1. Check with your local beaches before you pack up the dog, since not all beaches allow them. Call ahead or visit the beach's website for information. It's also important to find out whether they need to be on leash or if they can roam free. Bring a long leash no matter what, but know ahead of time if there will be an area where a leash isn't necessary. If they don't need to have a leash, only let them be without it if you know for an absolute fact that they will respond to your voice commands. Other dogs, people, certain scents, birds, etc, may catch their attention and cause them to tune you out, which could be a recipe for disaster (no one wants a dog fight). Some people on the beach (as well as easily frightened children) will be less dog-friendly than others, so be mindful of who your dog might be approaching to avoid any sort of snafu.
  2. Never, EVER leave your dog unattended. Even the most well-trained dog can get distracted; pay extra special attention to your surroundings and any potential situations that may cause your dog to wander or run off. Follow ALL of the rules set by the beach. You don't want to be the reason that dogs aren't allowed at that particular beach anymore.
  3. If this is the first time your dog will be swimming, you may want to read up on his breed just to be sure. For example, shar peis tend to be afraid of water. Obviously there are exceptions to the rule, but finding out if swimming is characteristic of the breed will be a good indicator of how enthusiastic (or timid) they might be. When you bring the pup to the water, if he isn't diving right in, take it slow. Don't force your dog to go in. He may feel more comfortable if you head in first and call him. If you're nervous or unsure, purchasing a dog life vest to bring with you would be a safe bet.
  4. Be wary of temperature extremes. Pay attention to how your dog is acting and responding while he's with you throughout the day, since there could be the potential of either heat stroke or hypothermia (if he's been swimming his little heart out).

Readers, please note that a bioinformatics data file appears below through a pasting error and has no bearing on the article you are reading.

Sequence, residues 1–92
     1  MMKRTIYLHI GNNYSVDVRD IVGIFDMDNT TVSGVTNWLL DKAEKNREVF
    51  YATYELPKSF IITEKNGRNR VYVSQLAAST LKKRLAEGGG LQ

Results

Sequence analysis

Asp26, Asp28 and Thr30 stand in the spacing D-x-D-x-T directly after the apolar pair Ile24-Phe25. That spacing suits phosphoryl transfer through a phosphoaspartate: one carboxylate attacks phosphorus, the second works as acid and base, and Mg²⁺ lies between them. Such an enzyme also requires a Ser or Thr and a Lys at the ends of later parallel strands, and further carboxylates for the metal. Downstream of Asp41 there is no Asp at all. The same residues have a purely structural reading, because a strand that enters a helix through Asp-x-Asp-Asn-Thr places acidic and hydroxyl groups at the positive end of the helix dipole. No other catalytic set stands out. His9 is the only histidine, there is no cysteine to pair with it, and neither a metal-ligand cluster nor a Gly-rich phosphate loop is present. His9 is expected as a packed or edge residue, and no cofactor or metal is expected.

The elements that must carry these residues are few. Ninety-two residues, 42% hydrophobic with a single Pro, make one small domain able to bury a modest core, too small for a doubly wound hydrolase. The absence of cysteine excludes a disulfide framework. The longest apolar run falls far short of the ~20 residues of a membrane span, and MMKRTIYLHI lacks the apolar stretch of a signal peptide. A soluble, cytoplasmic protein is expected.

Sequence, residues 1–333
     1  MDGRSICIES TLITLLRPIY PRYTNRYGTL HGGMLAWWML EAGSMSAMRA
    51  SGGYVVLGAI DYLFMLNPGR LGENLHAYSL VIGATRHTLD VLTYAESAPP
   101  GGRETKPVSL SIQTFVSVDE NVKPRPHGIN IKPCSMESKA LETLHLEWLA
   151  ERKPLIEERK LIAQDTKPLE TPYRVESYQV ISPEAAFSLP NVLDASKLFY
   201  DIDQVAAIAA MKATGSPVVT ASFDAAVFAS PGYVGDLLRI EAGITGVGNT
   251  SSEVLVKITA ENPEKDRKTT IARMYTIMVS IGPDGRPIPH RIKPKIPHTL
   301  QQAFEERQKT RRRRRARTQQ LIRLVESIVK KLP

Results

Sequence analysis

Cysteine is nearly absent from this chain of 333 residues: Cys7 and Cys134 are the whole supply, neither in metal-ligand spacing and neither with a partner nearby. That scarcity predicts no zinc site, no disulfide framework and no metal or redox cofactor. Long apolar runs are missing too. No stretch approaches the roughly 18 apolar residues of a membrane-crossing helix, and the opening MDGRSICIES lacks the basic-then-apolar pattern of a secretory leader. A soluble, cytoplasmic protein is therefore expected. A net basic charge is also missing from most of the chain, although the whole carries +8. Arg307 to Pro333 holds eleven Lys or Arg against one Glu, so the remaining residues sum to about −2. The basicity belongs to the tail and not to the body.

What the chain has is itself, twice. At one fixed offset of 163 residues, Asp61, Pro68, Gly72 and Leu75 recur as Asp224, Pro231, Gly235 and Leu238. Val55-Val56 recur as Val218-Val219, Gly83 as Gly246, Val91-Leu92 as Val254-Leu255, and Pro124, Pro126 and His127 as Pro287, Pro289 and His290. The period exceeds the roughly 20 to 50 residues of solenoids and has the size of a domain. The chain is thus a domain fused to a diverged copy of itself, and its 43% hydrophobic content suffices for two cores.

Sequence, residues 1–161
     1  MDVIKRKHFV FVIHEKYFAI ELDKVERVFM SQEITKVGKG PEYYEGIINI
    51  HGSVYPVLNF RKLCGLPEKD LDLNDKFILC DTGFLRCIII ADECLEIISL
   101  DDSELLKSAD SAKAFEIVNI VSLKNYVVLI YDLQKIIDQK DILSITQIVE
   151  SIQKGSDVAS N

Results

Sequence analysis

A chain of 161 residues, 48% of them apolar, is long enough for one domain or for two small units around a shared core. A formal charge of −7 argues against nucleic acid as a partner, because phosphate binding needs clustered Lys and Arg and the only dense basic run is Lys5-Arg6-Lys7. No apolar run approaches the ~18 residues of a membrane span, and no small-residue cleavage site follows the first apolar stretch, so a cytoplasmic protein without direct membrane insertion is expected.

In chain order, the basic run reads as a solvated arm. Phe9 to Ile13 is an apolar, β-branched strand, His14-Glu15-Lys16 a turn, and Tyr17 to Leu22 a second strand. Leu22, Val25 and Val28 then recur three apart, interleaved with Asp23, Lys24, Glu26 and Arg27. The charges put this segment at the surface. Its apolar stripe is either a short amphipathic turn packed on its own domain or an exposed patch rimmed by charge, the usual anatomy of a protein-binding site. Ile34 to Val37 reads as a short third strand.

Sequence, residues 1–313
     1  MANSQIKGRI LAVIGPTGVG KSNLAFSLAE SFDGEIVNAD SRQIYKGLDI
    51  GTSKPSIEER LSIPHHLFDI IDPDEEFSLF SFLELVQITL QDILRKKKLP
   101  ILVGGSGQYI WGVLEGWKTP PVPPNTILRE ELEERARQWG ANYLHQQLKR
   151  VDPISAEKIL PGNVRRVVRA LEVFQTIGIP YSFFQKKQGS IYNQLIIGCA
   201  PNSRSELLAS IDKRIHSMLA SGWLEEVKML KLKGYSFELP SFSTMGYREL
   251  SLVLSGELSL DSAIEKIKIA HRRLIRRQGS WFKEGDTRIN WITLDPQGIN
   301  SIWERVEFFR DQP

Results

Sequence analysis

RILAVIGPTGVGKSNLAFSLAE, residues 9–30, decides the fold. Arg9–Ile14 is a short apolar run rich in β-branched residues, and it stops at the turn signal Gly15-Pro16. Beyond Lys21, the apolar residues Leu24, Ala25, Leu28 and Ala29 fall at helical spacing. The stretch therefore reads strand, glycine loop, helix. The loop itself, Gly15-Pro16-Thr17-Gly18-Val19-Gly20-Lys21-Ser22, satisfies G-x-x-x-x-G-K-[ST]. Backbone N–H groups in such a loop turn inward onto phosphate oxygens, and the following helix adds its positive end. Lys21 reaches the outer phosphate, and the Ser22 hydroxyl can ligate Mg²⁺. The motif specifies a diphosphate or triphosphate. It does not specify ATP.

1. A few ways to prevent heat stroke is to bring lots of fresh, cool water that they can drink. A spray bottle with cool water that you can spray him down with will also help in temperature regulation. A bonus of having fresh water with you is that you can also clean the sand and salt water from his paws, which can cause irritation and dry out those sensitive pads. Also, since you can't guarantee that you will have access to a shady area, bring an umbrella that he can hang out under.
    2. To make sure that hypothermia doesn't strike, bring lots of towels that you can snuggle him in and remove the excess cold salt water. Not only can this warm him up quicker, it also helps in removing the sand and salt water from his fur so he won't be in danger of shaking off on someone else.

The Dos and Don'ts of the Dog Beach

Many beaches allowed dogs at one time, but due to careless owners, had to put a stop to canine patrons. Follow these rules (in addition to the beach's rules), and you'll make sure that you can bring Fido back as many times as he likes.

Dog Beach Don'ts:

  • Don't let your dogs go into areas on the beach where they're not allowed. Dunes and grassy areas need to be protected from any sort of environmental damage that a dog might cause.
  • Don't let your dog out of your sight. Not even once. Paying attention and being proactive will go a long way in protecting you and your dog. The last thing you want is to be sued for a dog fight or by someone that had a run-in with your dog.
  • Don't forget to bring the leash, beach towels, umbrella, fresh water, and doggie sunscreen (yes, you can actually get sunscreen specifically made for dogs).
  • Don't leave a mess behind! Don't count on the beach supplying waste bags, so bring your own and be diligent about cleaning up. No one wants to find a surprise just laying on the beach or buried in the sand.

Dog Beach Dos:

  • Do make sure your dog's vaccinations are current and that he's wearing the proper ID. Keep your vet's number on hand just in case something happens.
  • Do set a time limit for your beach trip. A couple hours might be just the right amount of time at the beach, depending on your dog's activity level. At the first sign of your dog tiring, pack it up and get back on the road.
  • Do bring toys and balls to throw and find sticks to fetch. This is exactly why you are both there: to HAVE FUN!